- The Ethiopian Human Rights Commission said over 100 civilians were killed in Tigray.
- The organisation corroborated investigations by Amnesty International and Human Rights Watch.
- It labelled the findings as war crimes.
The Ethiopian Human Rights Commission said on Wednesday that Eritrean soldiers killed over 100 civilians in a November massacre in war-torn Tigray that may amount to crimes against humanity.
The findings by the government-affiliated but independent body corroborate separate investigations by Amnesty International and Human Rights Watch into the same killings in the historic town of Axum.
“Information collected during this preliminary investigation confirm that during the two days of November 28 and November 29, grave violations of human rights were committed and that in Axum, over one hundred residents… were killed by Eritrean soldiers,” the commission said.
“As these grave human rights violations may amount to crimes against humanity or war crimes, it underscores the need for a comprehensive investigation into overall human rights situation in Tigray region.”
The latest report comes after Ethiopian Prime Minister Abiy Ahmed admitted for the first time that Eritrean troops had crossed the border into Tigray, and suggested they may have been involved in abuses against civilians.
Addis Ababa and Asmara had for months flatly denied the involvement of Eritrean forces in the conflict, and described reports of their alleged atrocities in the region as misinformation and propaganda.
The EHRC conducted a fact-finding mission to Axum, a Unesco World Heritage site, in late February and early March after earlier attempts to reach the town were “impeded by the security situation”.
The rights commission spoke to dozens of witnesses who said Eritrean troops shot unarmed civilians and fired on those who tried to collect their bodies.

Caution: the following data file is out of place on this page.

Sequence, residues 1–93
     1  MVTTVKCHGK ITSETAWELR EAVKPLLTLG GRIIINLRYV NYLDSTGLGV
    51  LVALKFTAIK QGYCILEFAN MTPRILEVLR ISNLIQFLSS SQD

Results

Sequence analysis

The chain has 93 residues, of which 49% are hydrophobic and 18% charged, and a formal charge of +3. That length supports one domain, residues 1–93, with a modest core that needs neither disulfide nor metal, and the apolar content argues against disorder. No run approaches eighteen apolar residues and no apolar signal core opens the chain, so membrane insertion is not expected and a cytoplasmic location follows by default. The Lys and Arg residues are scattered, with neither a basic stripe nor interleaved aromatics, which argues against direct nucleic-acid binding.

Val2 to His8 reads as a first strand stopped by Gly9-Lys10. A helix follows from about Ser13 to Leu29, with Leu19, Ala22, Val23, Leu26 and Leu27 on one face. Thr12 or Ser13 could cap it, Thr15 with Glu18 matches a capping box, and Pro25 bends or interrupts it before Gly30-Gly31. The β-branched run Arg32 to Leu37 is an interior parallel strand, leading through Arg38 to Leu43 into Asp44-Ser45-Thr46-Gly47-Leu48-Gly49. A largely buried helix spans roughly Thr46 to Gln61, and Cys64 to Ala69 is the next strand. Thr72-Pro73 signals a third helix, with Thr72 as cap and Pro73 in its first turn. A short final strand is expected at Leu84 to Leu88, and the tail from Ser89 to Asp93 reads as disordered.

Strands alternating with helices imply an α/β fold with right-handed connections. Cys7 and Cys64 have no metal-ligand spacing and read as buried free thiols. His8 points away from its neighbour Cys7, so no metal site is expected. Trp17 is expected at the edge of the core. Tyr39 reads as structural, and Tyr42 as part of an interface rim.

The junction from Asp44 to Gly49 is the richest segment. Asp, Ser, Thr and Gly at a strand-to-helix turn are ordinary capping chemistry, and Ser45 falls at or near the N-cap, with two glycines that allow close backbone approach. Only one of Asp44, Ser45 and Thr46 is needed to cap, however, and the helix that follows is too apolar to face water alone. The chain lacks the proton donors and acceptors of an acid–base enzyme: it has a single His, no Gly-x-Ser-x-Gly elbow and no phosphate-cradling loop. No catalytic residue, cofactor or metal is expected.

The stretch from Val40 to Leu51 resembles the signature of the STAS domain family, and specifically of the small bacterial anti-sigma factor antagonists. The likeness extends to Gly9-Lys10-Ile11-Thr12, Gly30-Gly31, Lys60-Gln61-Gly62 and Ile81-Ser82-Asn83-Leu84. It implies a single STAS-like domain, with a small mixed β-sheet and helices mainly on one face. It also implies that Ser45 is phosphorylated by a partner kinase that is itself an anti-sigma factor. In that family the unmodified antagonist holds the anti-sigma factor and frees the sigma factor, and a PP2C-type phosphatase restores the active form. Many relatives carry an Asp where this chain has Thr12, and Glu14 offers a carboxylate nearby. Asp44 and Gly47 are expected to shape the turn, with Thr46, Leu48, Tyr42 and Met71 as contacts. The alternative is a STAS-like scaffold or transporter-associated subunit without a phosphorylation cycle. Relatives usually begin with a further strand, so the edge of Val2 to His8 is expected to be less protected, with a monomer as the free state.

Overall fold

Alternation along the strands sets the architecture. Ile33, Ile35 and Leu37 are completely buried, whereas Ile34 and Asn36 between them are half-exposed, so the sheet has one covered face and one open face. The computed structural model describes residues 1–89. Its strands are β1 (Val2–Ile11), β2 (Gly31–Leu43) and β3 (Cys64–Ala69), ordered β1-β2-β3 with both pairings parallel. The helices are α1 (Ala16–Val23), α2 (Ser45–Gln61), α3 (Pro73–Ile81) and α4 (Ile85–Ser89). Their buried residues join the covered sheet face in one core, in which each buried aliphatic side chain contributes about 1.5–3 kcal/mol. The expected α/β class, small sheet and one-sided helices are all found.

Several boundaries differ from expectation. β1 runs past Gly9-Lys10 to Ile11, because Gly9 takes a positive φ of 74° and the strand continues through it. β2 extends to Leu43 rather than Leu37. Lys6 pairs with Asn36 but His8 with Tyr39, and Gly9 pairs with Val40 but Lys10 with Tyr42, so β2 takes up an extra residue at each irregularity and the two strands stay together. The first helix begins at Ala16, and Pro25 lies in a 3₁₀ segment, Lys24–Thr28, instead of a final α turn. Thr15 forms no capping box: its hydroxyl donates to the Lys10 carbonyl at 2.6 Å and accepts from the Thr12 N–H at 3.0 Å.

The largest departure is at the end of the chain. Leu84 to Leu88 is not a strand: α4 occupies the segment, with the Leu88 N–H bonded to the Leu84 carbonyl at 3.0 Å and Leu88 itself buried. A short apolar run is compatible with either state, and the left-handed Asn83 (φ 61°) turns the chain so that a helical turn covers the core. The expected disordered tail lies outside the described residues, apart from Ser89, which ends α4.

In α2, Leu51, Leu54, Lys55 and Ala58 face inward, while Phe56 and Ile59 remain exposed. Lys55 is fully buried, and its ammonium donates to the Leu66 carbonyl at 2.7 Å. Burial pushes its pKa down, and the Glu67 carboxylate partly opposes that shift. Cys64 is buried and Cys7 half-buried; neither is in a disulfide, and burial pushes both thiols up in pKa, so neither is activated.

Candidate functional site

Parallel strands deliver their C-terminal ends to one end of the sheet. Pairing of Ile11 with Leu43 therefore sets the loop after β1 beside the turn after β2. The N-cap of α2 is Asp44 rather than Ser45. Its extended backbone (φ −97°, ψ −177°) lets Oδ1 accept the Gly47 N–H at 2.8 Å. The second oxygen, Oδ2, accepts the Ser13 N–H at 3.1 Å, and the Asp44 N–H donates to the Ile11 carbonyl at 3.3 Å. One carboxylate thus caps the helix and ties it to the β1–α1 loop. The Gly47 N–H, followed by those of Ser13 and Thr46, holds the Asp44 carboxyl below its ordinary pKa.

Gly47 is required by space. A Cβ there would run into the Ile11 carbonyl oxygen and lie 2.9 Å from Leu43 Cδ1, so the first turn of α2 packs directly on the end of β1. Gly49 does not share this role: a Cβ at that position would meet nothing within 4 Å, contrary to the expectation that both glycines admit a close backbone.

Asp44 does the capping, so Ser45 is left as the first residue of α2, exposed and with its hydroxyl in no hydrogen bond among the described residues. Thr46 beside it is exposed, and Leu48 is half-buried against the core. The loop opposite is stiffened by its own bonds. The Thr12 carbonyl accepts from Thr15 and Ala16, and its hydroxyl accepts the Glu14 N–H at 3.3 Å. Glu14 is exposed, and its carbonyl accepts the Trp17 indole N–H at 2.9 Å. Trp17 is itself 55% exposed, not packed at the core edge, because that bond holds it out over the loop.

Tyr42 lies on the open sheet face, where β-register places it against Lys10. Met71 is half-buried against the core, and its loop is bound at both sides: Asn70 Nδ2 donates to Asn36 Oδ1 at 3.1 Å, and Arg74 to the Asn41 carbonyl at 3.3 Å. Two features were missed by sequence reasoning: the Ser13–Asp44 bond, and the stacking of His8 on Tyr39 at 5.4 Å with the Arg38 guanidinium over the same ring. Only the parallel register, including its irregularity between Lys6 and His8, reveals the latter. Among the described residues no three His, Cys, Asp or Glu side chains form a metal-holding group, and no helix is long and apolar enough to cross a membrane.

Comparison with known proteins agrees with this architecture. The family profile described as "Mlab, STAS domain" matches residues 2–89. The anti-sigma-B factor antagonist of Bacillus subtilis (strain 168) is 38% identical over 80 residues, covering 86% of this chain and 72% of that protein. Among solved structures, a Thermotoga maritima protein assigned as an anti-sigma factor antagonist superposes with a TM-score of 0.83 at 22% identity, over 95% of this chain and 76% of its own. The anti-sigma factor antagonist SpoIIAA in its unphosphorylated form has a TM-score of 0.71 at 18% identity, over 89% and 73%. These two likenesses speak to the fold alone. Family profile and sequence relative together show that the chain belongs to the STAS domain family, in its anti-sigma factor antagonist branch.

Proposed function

“Eritrean soldiers went door to door asking women ‘where their husbands or children were’ telling them ‘to bring their sons out if they have any’,” the report stated.
Corpses were left in the streets for days, some being dismembered by animals, witnesses said.
Like Amnesty and HRW – which separately reported hundreds butchered in Axum – the EHRC could not provide an exact death toll. The commission was still verifying more victims and investigating other alleged atrocities in areas around Axum, it said.
Eritrean and Ethiopian troops were also accused of looting hospitals – even taking hospital beds and mattresses – resulting in crippling medicine and equipment shortages that resulted in patient deaths, the report said.
Abiy sent troops into Tigray on 4 November after he blamed the region’s ruling party, the Tigray People’s Liberation Front, for attacks on federal army camps.
He declared fighting over in late November with the capture of the regional capital but reports of widespread rape, murder and looting by Ethiopian and Eritrean forces have spurred calls for an investigation.
The UN, among other members of the international community, has urged Eritrean troops to withdraw from Tigray.
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